Shankland, Walker Have Different Views on Common Core
By Patrick Lynn
Governor Scott Walker on Thursday announced he would ask the State Legislature to pass a bill in January repealing Common Core. In a statement re- leased by the governor’s office, Walker will ask legislators to “replace it with standards set by people in Wisconsin.”
Wisconsin adopted the Common Core standards- federal benchmarks for English and math education- in 2010. Common Core science standards were adopted in 2013. According to the Dept. of Public Instruction, districts throughout the state have already spent more than $25 million implementing the new standards. State Senator Leah Vukmir of Wauwatosa introduced a bill earlier this year to remove the standards from the state’s school system citing a lack of control on the local level. That bill failed in March.
Stevens Point is one of many districts throughout the state set to implement a new system of standardized tests, all of which are aligned with the Common Core, and Superintendent Attila Weninger said earlier this year he does support Common Core.
Representative Katrina Shankland of Stevens Point said word of the governor’s request “startled” her.
“Our hard-working educators and school districts have invested millions of dollars and years of diligent work to implement the Common Core State Standards in an effort to prepare students for college and careers,” Shankland said.
“Perhaps the governor has forgotten the day when over 100 superintendents from across Wisconsin traveled to Madison to support Common Core when it was under attack,” she added in her statement. “To discount the expertise of public school administrators and educators across the state is irresponsible, and to call for the repeal of Common Core at a time when our schools aren’t even in session suggests an agenda meant more for Walker’s conservative base than for Wisconsin’s students. Our public schools are already under-resourced and under-funded thanks to the Republicans’ historic cuts to public education. If the governor truly wants to do more to help public schools, he should call a special session to recommit to two- thirds funding, pass a fair funding formula, and provide assis- tance to rural schools. Instead, he’s trying to score cheap political points to appease the extreme right.”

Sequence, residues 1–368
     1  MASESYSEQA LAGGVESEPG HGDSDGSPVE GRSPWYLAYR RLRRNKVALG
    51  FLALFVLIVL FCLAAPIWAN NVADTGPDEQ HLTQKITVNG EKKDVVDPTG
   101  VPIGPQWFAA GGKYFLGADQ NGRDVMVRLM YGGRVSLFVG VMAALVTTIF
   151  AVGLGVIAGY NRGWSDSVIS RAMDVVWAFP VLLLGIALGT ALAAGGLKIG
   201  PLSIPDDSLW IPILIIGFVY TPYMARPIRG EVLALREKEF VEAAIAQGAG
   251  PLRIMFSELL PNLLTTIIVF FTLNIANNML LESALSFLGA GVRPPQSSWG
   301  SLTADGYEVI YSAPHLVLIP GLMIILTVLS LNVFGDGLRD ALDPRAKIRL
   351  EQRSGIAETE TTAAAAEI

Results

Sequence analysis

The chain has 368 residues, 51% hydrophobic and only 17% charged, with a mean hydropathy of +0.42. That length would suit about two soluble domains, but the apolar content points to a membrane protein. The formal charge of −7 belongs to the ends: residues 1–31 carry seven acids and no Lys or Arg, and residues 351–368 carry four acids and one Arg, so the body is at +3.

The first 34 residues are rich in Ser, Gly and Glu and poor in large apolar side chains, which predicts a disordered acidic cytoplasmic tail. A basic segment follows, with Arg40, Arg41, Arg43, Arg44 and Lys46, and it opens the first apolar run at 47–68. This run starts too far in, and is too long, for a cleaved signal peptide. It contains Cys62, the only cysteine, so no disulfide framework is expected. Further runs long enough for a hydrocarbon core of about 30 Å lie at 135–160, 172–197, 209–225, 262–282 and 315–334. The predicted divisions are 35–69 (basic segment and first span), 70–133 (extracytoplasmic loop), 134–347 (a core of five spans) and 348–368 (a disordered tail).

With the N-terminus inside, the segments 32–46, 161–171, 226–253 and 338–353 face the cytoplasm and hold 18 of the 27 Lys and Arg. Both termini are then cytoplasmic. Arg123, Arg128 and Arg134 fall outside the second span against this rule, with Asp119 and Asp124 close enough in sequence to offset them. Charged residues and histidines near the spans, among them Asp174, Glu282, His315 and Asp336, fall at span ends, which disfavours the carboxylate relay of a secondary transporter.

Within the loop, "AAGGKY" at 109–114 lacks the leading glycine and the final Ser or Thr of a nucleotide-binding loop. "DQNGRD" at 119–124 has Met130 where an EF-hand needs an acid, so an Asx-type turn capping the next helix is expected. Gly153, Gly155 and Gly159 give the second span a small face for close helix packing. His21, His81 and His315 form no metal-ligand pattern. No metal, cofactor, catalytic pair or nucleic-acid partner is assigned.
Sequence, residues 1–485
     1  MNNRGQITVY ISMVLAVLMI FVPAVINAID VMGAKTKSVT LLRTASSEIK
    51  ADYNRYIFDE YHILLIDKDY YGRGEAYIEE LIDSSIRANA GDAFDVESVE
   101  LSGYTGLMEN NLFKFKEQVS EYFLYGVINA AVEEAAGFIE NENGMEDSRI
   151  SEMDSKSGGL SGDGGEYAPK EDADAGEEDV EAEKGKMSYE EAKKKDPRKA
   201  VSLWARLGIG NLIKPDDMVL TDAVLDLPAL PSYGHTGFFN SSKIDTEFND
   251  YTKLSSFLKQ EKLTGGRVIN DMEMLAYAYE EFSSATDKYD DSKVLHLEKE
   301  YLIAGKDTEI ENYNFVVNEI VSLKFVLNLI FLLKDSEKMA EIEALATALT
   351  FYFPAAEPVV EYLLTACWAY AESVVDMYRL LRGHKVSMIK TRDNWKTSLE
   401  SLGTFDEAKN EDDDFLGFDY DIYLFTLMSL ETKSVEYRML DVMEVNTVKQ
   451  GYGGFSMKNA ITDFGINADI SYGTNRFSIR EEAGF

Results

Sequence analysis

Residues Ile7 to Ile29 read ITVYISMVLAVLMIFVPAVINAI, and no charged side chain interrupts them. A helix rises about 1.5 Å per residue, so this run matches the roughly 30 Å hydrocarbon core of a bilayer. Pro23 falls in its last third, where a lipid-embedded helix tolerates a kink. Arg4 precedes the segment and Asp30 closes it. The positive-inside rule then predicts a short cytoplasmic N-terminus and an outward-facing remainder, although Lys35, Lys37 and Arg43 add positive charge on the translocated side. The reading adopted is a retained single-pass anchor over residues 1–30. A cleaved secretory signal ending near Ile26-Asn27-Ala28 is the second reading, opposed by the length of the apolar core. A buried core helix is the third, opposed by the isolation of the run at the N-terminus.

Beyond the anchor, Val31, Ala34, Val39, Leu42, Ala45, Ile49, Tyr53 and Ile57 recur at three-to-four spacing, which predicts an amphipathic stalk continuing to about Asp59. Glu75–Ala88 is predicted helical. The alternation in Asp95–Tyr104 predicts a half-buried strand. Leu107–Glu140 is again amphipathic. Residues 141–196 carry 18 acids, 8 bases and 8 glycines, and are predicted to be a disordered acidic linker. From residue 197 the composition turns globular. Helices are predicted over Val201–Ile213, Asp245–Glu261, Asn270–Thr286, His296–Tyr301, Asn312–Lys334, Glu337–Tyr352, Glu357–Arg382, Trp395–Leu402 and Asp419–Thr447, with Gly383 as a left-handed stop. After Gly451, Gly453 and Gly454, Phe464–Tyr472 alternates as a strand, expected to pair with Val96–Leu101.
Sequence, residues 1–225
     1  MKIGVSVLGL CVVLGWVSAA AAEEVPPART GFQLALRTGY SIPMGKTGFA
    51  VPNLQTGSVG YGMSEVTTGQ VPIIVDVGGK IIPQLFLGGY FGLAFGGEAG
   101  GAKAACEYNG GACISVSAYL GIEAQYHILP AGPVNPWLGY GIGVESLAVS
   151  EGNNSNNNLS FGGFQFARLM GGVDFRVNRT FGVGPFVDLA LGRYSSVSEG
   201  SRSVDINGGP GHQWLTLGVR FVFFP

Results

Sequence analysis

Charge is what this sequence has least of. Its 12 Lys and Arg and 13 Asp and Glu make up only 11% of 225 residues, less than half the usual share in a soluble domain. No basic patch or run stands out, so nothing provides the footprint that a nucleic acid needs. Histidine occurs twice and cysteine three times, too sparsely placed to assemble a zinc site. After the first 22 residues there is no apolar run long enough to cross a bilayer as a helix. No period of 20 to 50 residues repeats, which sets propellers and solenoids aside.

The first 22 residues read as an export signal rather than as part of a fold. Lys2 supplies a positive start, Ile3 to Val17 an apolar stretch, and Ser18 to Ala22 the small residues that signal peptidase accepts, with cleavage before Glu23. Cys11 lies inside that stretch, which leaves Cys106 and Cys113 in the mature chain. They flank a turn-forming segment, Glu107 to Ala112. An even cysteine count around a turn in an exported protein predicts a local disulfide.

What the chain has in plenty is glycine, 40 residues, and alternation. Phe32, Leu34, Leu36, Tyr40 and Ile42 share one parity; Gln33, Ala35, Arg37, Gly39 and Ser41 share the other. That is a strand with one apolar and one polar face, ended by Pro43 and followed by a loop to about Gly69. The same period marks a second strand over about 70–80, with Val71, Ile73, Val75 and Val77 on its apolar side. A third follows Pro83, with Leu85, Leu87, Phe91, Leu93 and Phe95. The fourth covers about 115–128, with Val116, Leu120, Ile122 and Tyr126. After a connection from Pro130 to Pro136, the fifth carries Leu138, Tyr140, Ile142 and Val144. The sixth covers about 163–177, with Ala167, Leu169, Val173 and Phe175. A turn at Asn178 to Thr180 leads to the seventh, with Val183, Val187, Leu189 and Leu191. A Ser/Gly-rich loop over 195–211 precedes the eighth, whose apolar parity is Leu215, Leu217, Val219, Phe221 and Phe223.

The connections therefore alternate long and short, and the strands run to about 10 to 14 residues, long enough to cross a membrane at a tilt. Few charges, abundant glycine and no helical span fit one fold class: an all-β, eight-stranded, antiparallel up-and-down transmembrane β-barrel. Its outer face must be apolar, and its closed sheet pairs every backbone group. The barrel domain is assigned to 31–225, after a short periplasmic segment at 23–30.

Shankland said she looked forward to the day when public education “will no longer be considered a partisan issue.”
“I ask the governor to work with the Legislature to fairly fund our public schools, not repeal the Common Core State Standards. As a strong supporter of public education, I will always fight for investments in our neighborhood schools and will oppose any attempts by the governor or the legislature to politicize public education,” she said.